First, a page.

This is not an exclamation of disdain nor is it reaction to an unwanted surprise or comment from an antagonistic foe.
Rather, it is a tribute.
To a vision.
And a visionary.
In this case, a rather young visionary.
He is Clay Black, the 10-year-old son of Scott and Sara Black of Cleveland. Clay is not unlike most boys his age. He enjoys hanging out with friends, pleasing his parents and biking.
Especially the biking.
He also likes helping others. So he came up with a brainstorm — help others and do it with his bike. And encourage his friends to come along for the ride.
You might have read about this civic-minded youngster in our newspaper recently. Banner staff writer Joyanna Weber talked with him at length about his plan.
According to his mom, Clay is renowned inside — and outside — his 10-year-old circle for cooking up ideas and projects. Like good parents do, Sara and Scott always try to be supportive. When their son came up with his latest vision, they knew they had to get involved, to help with the planning and to assist their son every way imaginable to see it through.
It seems Clay was inspired by a Bible study — perhaps one that focused on the ideals, and the human mandate, of helping others by improving their lives.
So Clay decided he wanted to help fund the digging of wells. He targeted World Vision, an internationally acclaimed organization that develops the lifesaving modernism in countries around the globe, many of which are in impoverished Third World lands where people die daily from starvation and disease is rampant from the drinking of unclean bacteria-contaminated water.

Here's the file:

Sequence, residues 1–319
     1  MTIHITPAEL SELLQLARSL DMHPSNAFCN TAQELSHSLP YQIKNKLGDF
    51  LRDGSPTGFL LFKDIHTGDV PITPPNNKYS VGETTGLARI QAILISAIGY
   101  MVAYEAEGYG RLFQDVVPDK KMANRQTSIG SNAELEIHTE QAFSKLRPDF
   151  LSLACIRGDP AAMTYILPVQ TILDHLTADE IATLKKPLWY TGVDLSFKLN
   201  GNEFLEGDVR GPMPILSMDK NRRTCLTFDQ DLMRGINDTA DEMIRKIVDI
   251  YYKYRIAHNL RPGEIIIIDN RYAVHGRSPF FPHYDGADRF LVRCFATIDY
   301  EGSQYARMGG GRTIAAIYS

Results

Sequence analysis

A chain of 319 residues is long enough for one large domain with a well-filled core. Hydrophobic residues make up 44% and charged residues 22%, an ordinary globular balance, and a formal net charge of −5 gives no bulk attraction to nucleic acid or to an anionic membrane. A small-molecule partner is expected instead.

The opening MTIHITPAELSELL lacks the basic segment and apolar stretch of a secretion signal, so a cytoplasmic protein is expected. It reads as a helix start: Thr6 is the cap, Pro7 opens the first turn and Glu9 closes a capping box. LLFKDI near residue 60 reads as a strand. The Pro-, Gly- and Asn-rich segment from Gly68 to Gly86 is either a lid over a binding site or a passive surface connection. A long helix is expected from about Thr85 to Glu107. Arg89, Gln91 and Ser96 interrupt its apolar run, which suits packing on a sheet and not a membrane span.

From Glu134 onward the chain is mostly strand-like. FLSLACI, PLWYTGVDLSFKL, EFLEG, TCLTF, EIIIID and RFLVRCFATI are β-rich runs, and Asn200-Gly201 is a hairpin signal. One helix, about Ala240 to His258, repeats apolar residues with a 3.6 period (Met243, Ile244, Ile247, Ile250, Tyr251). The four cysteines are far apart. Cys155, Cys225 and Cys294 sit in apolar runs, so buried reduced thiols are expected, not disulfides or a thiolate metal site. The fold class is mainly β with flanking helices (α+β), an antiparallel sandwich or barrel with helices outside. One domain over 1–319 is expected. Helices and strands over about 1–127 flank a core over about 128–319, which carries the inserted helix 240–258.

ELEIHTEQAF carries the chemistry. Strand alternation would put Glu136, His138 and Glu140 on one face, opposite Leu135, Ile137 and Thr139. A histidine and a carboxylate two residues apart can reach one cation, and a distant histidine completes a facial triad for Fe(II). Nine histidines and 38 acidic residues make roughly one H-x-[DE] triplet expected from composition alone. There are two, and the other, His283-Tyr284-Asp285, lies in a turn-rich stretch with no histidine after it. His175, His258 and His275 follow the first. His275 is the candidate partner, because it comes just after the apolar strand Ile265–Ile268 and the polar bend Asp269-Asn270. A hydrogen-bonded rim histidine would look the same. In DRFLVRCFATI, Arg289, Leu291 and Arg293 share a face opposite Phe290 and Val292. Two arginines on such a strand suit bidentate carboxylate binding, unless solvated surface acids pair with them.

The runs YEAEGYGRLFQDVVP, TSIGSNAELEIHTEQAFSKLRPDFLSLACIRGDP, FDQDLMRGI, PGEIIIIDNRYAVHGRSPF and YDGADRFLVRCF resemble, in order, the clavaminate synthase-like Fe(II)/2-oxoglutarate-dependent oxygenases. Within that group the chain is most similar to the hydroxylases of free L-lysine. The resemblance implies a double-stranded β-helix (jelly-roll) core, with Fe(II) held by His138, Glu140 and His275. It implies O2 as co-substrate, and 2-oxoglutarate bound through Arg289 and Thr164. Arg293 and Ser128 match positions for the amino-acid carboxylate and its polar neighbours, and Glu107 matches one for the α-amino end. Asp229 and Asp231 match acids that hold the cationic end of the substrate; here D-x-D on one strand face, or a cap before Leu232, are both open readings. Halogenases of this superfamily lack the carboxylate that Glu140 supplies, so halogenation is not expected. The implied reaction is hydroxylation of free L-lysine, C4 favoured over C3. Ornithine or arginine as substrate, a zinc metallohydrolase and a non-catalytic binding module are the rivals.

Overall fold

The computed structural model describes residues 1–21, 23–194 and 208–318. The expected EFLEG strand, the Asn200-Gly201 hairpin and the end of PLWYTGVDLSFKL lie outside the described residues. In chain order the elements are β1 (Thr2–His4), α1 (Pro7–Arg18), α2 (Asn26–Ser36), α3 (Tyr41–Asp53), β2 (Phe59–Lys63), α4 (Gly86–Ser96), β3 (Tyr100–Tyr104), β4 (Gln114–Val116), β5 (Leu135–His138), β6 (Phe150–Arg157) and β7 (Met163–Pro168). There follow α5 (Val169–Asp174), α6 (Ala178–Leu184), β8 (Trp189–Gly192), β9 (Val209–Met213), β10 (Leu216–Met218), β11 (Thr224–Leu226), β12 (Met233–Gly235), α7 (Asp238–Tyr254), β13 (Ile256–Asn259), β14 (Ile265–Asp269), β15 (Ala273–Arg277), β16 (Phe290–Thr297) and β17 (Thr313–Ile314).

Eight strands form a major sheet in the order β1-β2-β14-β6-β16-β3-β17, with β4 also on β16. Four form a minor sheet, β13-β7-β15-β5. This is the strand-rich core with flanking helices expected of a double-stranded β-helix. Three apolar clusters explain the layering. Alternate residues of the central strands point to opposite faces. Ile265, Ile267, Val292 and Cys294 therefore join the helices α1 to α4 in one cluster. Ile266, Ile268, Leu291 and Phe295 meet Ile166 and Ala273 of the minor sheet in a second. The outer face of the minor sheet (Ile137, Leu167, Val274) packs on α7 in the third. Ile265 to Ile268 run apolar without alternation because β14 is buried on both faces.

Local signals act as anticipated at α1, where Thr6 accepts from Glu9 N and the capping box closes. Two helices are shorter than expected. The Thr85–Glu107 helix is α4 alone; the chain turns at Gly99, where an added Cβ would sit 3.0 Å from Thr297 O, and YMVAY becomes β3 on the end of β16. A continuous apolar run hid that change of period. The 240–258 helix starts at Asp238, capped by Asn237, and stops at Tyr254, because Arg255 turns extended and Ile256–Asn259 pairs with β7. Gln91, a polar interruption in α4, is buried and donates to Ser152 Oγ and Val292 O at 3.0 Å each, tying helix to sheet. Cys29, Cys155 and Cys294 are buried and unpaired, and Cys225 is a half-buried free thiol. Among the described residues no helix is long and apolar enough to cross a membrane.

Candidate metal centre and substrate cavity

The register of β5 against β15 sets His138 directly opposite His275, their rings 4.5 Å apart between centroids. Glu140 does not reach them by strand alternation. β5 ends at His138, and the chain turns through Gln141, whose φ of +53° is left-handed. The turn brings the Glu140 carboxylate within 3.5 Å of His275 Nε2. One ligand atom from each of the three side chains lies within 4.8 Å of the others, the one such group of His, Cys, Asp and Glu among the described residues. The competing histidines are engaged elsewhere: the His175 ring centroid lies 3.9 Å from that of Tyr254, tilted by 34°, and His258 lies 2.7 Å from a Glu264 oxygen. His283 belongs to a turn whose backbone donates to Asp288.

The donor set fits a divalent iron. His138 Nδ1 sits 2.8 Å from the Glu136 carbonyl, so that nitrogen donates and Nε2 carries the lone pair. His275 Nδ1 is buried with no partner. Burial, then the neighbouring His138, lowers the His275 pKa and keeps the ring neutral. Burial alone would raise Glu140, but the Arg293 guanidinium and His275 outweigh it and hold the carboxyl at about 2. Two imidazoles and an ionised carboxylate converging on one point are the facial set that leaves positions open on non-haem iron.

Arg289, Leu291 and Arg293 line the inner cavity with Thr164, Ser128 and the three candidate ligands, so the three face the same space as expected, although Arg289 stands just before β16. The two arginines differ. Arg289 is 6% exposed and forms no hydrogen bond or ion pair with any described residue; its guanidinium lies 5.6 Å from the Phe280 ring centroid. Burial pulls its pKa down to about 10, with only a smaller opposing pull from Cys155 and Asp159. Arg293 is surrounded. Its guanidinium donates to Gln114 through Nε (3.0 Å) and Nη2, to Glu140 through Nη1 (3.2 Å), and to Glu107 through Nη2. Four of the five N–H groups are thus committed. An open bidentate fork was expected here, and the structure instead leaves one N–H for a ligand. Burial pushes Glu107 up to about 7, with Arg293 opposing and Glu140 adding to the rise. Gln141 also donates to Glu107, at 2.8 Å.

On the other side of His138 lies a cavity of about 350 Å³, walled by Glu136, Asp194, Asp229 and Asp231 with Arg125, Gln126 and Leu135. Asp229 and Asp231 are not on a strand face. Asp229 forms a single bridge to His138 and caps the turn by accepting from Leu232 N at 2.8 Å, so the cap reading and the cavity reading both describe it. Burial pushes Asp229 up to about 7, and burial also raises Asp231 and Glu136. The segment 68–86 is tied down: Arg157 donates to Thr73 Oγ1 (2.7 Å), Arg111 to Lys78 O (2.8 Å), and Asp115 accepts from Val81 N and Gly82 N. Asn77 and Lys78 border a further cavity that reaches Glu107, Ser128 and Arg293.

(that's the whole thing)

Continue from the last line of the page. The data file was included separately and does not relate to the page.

Traditional wells cost about $2,600 each.
Clay’s goal was to raise funds for at least two.
In these countries, a well can support as many as 150 people. Perhaps more.
With his parent’s help, Clay set his plans in motion. He organized a bike-a-thon for the young (ages 2 through 16) and the young-at-heart (parents), and he scheduled it for one of Cleveland’s most beautiful, best kept recreational secrets — Fletcher Park off Tennessee Nursery Road.
He identified a half-mile course and riders raised sponsorships for each successfully pedaled lap. Participants were allowed to ride anything with wheels.
He named the fundraiser “Wheels 4 Wells.”
Clay and his planning team marketed the nonprofit cause with a booth at some home-school events and neighborhood flyers.
On the day of the big ride, Clay did what leaders do. He served as a role model.
The youngster pedaled 21 laps in the three-hour event that stretched from 9 a.m. to noon. About 15 children — including many of his buddies — participated in the inspiring initiative.
By the bike-a-thon’s close, Clay and his little army in motion had collected about $2,000. The figure is expected to bounce up to $3,000 once all pledges have been received. Not a bad haul for the inaugural people-friendly spin.
Planning is already under way for next year.
Clay offered us his common-sense take on the experience. “I think the best part about it was having the joy of doing it, and seeing that the kids didn’t really mind that it was tiring ... they just liked biking.”
We adore the young man’s spirit.
We encourage others to join his heartfelt forage for benevolence.
We suggest those searching for a cause to be like bike.
And follow Clay’s lead.
If you’d like additional information or to learn more about World Vision or the Clean Water Fund, you may visit www.firstgiving.com/wheels4wells.